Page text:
business and life are not mutually exclusive
This particular installment came to me with great difficulty - hence the length of time between posts. So, I decided to incorporate this dilemma into my essay. Many times what happens to me is that ideas come in a torrent – and the challenge I face is in the separation of them into some sort of distinguishable and understandable cohesive thought or theme. And I’ve got so many ideas and themes – the proverbial fuel is never-ending! Example ideas are Daniel Ellsberg and the ‘military-industrial (and congressional-executive-think tank) complex’, ‘expanding consciousness with entheogenic/sacred medicines’, ‘the American middle class no longer exists’, ‘the mystery of 2012’, etc. – and part of the challenge is to keep these ideas/themes separate, to do them justice - I don’t want to ramble and have these topics blur into each other. And then I come up against a block of sorts – an upwelling of self-doubt that represents my fear that what I write – what I have to say – is irrelevant or pegs me as some sort of nut case- or both.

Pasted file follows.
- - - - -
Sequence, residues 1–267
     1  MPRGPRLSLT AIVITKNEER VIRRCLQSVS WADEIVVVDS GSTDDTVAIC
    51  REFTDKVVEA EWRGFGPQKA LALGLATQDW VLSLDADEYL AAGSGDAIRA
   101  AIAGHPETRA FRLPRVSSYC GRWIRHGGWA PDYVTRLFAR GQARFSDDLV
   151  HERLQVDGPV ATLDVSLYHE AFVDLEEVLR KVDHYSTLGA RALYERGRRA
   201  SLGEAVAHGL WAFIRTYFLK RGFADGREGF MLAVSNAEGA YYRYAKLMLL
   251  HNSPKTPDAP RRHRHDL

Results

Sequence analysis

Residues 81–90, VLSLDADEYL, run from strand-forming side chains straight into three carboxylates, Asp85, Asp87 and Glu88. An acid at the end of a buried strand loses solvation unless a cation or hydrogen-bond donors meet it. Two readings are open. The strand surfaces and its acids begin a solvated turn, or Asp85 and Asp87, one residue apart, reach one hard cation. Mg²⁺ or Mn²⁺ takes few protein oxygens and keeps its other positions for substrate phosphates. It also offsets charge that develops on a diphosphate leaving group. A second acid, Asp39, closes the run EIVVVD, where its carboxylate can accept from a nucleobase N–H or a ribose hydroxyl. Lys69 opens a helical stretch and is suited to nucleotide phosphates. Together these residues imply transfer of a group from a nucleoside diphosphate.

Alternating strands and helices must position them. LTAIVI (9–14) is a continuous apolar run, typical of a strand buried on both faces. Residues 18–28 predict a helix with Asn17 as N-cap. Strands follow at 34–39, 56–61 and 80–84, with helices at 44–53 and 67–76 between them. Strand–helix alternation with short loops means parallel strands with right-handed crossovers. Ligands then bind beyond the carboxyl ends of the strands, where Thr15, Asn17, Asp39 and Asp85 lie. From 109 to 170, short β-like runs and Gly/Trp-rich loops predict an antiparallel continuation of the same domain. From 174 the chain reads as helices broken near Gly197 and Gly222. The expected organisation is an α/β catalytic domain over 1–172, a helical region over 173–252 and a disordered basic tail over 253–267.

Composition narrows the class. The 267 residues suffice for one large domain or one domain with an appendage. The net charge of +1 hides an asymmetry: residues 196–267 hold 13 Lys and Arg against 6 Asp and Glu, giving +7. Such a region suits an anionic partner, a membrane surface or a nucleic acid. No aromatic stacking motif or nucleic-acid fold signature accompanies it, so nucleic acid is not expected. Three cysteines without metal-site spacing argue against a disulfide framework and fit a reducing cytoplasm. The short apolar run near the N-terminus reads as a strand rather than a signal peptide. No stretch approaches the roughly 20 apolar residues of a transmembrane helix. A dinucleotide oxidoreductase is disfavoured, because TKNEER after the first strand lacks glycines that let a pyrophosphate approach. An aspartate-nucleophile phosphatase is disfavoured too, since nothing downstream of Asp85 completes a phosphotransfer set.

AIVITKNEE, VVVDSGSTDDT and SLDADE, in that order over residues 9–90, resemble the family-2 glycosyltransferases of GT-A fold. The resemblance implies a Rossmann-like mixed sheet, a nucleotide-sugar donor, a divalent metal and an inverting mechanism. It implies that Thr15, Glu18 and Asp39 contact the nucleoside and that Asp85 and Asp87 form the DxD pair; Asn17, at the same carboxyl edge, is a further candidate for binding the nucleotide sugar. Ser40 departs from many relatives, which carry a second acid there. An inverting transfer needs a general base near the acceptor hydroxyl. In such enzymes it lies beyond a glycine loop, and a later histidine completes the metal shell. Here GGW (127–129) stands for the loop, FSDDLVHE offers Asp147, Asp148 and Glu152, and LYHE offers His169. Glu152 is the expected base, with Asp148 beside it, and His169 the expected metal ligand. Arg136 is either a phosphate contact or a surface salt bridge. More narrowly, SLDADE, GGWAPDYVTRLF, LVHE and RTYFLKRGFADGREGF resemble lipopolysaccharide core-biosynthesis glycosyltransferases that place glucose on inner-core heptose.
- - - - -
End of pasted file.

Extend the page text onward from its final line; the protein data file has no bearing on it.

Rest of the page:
I have been living in a sort of energetic limbo – almost as if I have an impression of a life or evolutionary ‘staircase’ that climbs-up away from me and I am hanging on the upward impulse of my next step. It’s an awkward position to be in and I don’t quite know how to ‘be’ with it. A great teacher (Dr. Robert Svoboda) with whom I had the pleasure of a private consultation said that I need to “recognize the value in uncertainty”. That’s the trick isn’t it? But at what point does the ‘uncertainty’ become pleasant or at least comfortable? It seems that struggle is an inherent part of my path. My Rahu Dasa period as Dr. Svoboda said. And it doesn’t look like it’s going to change much any time soon - until 2012 - and that’s the difficult part for me. It’s all part of my karma – a playing-out of the consequences of my actions in the past. However, I am the eternal optimist and I have more dreams and aspirations than almost anyone I know and I reserve a secreted-away little space in my heart for these dreams to live and breathe. They are with me always and can never be taken away. It is from this little wellspring that I find my strength and hope – no matter the circumstances of my day-to-day life or my relationships. My Mother used to call me ‘smiley’ as a child and I often reflect on this as a means of remembering how profoundly beneficial this disposition is for our well being and of those around us. The eternal optimism of a happy child – isn’t that a blessing worth manifesting and holding?